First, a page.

Rockland County Legislators Ed Day and Alden Wolfe have called for a committee review of the status of the Hi-Tor Animal Care Center in Pomona. As of Wednesday afternoon, the Clerk of the Legislature Laurence O. Toole determined the appropriate committee was Planning and Public Works but said the meeting date and time had not yet been scheduled. The main topics of discussion at the meeting open to the public will be Hi-Tor’s funding and the condition of the facility.
Day said the shelter, which is county-owned property and is the only animal shelter in Rockland, has been deteriorating and becoming more uninhabitable.
“It’s been an accumulation of incidents,” he said which led to the bi-partisan decision to schedule the review.
Wolfe, who is vice chairman of the legislature, explained,” I thought that airing these issues in a committee setting would be the best way.”
Day and Wolfe said there has been considerable finger pointing about the condition and financial status of and no one has taken the lead to resolve the problems.
Wolfe said if the county is going to allow Hi-Tor to continue to use a county-owned building, it is the county’s responsibility to make sure the building is safe and appropriate.
Clearly, there needs to be something done to push this issue forward,” said Day. “This is an issue of animal control and care.”
Their intent is to provide a forum to get the facts and find out who is responsible for what. Part of the problem appears to stem from the fact that various levels of government are involved. The state requires local municipalities to fund animal control if they issue dog licenses. Rockland’s five towns and the Village of Spring Valley all fall into that category.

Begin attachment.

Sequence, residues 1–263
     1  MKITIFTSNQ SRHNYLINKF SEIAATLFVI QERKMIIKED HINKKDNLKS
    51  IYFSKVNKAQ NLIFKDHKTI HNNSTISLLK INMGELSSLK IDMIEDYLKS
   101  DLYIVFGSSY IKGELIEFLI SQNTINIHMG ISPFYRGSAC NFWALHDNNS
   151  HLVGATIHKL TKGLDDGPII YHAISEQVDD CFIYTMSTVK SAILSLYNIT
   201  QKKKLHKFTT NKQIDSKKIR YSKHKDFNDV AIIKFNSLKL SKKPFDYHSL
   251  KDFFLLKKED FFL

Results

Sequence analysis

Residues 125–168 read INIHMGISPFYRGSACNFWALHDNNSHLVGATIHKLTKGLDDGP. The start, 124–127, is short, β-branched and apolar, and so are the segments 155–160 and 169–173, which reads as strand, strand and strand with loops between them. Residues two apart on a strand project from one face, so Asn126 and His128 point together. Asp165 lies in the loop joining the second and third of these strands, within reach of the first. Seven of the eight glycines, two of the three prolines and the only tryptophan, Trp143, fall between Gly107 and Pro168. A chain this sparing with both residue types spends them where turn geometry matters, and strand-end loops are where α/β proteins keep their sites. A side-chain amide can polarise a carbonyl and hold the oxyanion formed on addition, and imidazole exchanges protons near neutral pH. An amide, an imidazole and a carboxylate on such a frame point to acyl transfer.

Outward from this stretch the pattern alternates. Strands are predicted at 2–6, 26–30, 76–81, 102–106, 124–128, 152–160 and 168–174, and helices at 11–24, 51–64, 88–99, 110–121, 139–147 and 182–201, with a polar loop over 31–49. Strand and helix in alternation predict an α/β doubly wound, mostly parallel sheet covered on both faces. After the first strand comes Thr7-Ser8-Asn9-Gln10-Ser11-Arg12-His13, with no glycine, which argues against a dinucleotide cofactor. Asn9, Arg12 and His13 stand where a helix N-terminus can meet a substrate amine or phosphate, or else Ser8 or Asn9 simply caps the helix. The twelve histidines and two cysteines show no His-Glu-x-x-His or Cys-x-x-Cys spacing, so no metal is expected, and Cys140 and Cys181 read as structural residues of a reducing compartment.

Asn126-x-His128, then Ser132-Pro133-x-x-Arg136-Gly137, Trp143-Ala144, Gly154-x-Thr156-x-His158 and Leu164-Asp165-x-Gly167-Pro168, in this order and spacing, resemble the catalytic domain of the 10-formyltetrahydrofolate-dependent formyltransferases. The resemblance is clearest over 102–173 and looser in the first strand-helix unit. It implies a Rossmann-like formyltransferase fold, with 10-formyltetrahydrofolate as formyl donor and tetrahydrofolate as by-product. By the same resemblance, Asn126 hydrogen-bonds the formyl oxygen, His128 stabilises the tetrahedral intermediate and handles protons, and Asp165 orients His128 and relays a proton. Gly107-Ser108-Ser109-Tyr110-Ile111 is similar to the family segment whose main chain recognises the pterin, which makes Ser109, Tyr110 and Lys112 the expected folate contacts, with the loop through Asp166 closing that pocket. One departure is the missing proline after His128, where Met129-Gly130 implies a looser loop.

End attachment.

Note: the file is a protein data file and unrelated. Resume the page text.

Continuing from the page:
In 2002 the county passed a law requiring Hi-Tor to take in all domesticated animals. Hi-Tor Board President Roberta Bangs said that puts Hi-Tor in the position of having to meet an unfunded mandate. The county budgeted $66,200 in 2011 for Hi-Tor and the figure for 2012 is $49,650. Hi-Tor raised about $150,000 in 2011 and had to use an additional $85,000 from its reserve fund.
“It puts us in a position that we can’t continue without a resolution,” she said.
In 2011 they not only cared for dogs and cats but chickens. Bangs said the shelter has 30 kennels for dogs and currently has several more in foster care.
“We had a goat last year,” she said. “We have people bring in turtles, hamsters, gerbils, anything and everything.”
She is optimistic about the review.
I think it’s incredible that w finally have two people taking the lead and bringing it to the front,” said Bangs. “I think it’s a great step in the right direction.”
The legislators expect representatives of the towns and the County Executive’s office and Department of General Services’ Facilities Management Maintenance Division, municipal animal control officers to attend along with some of the Hi-Tor staff. Day is hoping for a wide range of people knowledgeable about animal control issues and animal care. Wolfe wants to get a clearer understanding of the issues surrounding Hi-Tor.
Toole said he might know on Thursday if the issue has been added to the Planning & Public Works Committee’s agenda for either its January 31 or February 14 meeting.
Whatever the outcome is, Day is looking for it to be a long-term solution.
“Whatever is done is something people should be able to count on,” he said.
Wolfe said the goal is, “Moving forward how can we make sure this important service is going to be provided.”